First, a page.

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Looking back and moving forward
Published Tuesday, June 3, 2014
by Martin Haumesser

clientuploads/News Images/Sam Giangrecco 6 3 14.jpgSam Giangreco is a seminarian in his fifth year of the Priestly Formation Program at Christ the King Seminary. When he was profieled in a previous issue of the Seminary newsletter, Aurora Christi,Sam had just been assigned to Immaculate Conception Parish in East Aurora for his pastoral year, part of the program that places the seminarian in full-time residency at a parish. We recently caught up with Sam to look back on his pastoral year, which ends in May, and to talk about where his priestly journey will lead from here.

"Going into it, I didn't know what to expect, but I was surprised as to how much I was learning and how much growth I needed," Sam says in reflecting on the pastoral year. "I gained great experiences in teaching the children at the elementary school, and the parishioners have been so warm and welcoming, always giving me incredible, affirmative feedback on how I was doing."

Sam notes that Immaculate Conception pastor Rev. Robert W. Wardenski has been an extremely supportive role model who greatly challenged the seminarian to stretch beyond his comfort zone during the pastoral year. "Father Bob taught me to be a person of the people and encouraged my involvement in the parish," Sam explains. "He offered me ways to be more present to the children and teachers in the school, the parishioners at Sunday liturgies and so forth."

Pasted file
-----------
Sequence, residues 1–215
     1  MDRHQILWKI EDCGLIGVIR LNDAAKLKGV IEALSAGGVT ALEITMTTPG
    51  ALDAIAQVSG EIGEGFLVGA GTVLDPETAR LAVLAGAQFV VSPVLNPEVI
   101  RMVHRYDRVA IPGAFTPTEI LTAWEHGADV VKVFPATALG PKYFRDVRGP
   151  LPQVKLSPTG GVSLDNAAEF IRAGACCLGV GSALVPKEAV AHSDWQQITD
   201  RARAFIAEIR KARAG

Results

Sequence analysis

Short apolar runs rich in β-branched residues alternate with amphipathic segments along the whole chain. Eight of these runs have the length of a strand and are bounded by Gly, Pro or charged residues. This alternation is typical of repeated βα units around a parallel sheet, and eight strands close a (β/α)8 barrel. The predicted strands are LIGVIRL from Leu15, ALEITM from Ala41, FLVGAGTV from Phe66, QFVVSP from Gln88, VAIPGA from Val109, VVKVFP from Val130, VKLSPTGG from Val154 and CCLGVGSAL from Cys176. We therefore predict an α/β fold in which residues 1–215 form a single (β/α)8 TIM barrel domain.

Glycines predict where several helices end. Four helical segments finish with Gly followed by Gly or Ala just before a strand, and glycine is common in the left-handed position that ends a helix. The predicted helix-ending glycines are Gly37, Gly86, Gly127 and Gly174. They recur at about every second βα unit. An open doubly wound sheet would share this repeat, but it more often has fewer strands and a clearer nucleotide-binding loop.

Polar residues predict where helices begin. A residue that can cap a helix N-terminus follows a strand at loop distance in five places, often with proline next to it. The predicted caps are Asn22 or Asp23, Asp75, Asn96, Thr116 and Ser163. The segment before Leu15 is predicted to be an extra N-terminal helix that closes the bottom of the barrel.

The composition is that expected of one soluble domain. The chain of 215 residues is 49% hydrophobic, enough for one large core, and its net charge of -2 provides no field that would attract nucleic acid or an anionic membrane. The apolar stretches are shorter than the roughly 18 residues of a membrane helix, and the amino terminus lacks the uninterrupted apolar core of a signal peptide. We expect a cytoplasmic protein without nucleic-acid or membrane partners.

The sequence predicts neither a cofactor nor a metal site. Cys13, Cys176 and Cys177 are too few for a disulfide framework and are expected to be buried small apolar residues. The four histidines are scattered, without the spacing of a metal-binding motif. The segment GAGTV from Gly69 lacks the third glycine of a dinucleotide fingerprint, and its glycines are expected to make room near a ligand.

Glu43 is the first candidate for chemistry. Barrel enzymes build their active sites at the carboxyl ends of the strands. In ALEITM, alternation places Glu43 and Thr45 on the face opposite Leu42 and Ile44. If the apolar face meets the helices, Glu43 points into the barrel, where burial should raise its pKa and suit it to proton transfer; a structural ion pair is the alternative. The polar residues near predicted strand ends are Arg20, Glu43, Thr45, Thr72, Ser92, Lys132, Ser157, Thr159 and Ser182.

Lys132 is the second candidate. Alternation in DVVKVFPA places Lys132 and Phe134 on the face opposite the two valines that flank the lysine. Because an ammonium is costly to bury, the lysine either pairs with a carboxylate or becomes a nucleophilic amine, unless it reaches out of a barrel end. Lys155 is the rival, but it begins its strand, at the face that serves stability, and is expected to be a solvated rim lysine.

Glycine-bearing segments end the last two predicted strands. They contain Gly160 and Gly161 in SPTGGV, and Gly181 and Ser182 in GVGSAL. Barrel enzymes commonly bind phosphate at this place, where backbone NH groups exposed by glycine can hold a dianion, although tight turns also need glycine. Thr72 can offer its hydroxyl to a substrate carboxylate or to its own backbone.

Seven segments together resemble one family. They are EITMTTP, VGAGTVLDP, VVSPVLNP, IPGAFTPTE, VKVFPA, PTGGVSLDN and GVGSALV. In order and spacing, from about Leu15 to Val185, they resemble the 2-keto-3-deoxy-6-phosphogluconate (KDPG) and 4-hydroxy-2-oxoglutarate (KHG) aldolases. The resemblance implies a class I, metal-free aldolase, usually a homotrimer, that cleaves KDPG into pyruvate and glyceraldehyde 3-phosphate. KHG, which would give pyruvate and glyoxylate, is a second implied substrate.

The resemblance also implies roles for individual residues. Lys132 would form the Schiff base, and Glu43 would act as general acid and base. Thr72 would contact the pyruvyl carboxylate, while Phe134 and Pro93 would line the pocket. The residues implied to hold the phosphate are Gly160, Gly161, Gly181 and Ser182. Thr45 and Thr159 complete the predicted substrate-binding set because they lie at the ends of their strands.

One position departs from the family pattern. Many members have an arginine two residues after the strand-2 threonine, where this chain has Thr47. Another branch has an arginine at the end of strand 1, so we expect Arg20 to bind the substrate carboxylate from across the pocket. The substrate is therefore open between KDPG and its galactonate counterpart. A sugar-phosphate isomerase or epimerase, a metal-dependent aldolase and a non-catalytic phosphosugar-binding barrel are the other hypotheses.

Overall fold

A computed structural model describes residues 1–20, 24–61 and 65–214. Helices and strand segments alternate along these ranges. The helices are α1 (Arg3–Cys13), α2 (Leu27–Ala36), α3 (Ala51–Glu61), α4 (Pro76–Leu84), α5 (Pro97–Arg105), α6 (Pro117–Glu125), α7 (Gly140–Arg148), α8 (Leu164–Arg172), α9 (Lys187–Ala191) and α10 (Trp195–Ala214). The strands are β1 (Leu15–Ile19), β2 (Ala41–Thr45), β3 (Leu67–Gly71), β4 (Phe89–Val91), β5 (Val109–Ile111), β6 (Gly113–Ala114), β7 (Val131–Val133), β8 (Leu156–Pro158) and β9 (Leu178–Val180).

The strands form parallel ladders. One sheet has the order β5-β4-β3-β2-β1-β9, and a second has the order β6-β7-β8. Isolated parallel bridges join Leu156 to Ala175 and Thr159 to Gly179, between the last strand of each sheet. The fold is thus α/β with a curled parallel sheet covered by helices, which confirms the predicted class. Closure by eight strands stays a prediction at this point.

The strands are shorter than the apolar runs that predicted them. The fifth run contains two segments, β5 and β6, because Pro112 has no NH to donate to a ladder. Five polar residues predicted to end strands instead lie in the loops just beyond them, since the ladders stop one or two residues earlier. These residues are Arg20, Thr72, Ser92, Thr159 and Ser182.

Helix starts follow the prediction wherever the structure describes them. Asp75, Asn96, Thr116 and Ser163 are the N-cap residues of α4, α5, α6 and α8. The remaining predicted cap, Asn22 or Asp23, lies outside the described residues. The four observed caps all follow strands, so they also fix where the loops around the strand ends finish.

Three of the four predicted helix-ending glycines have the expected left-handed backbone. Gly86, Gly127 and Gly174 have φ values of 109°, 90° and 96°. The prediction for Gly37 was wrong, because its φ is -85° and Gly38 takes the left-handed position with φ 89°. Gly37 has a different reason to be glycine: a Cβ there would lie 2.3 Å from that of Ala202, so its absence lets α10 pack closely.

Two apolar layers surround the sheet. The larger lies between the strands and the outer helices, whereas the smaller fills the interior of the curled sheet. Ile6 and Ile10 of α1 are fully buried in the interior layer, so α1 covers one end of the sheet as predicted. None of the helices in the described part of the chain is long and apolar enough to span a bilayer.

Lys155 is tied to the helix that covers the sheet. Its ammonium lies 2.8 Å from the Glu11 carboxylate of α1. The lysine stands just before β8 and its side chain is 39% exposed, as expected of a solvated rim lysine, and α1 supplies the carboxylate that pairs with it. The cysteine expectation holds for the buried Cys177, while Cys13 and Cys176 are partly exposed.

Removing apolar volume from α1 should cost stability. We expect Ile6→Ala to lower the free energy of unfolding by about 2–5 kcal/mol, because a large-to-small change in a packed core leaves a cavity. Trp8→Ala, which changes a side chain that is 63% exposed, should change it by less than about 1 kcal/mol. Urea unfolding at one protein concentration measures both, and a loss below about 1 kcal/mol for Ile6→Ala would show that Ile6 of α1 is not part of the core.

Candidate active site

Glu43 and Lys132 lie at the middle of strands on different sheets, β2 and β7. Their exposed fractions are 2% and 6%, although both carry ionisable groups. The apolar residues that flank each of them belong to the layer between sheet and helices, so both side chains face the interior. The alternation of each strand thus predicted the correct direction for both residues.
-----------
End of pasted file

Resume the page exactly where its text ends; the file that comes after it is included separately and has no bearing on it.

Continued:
Among his many responsibilities, Sam taught religious education to eighth grade parishioners who attended public school, and he taught courses on the virtues to students in kindergarten through eighth grade in the Immaculate Conception school itself. Sam also continued to present reflections at Wednesday Mass, during what would normally be the priest's homily, and Father Bob was a great help in strengthening the seminarian's preaching skills, pointing him to resources and books for guidance.
In addition, Sam acted as a facilitator for the parish's Good News People Program, a weekly gathering of parishioners who read scriptures, pray together and discuss their faith. Sam says this experience helped him strengthen his leadership skills in the parish setting.

Demonstrating the practical side of the hands-on learning experience of the pastoral year, Sam says his many duties helped him strengthen his time management skills. "I never really kept a calendar before, but I learned quickly how to schedule the many appointments involved with parish life," he says.

When his pastoral year comes to a close, Sam will be working in a hospital or nursing home over ten weeks in the summer, the next step in the Priestly Formation Program known as the Clinical Pastoral Education (CPE). At this writing, he has not yet received the specifics of his CPE assignment. Then in the fall, Sam will return to the Seminary for two more years of study that will include extensive academic studies in all areas of theology, another summer assignment, and additional field education experiences, hopefully leading up to Sam's ordination into the priesthood.

Sam says the pastoral year offers a teaching experience that the Seminary cannot, giving the seminarian a realization of what parish life is really like.

"The Seminary gives you the theological knowledge but it doesn't really click until you hit the ground running at a parish," Sam concludes. "I felt like the new guy in the beginning but now I truly feel I am part of the Immaculate Conception parish family."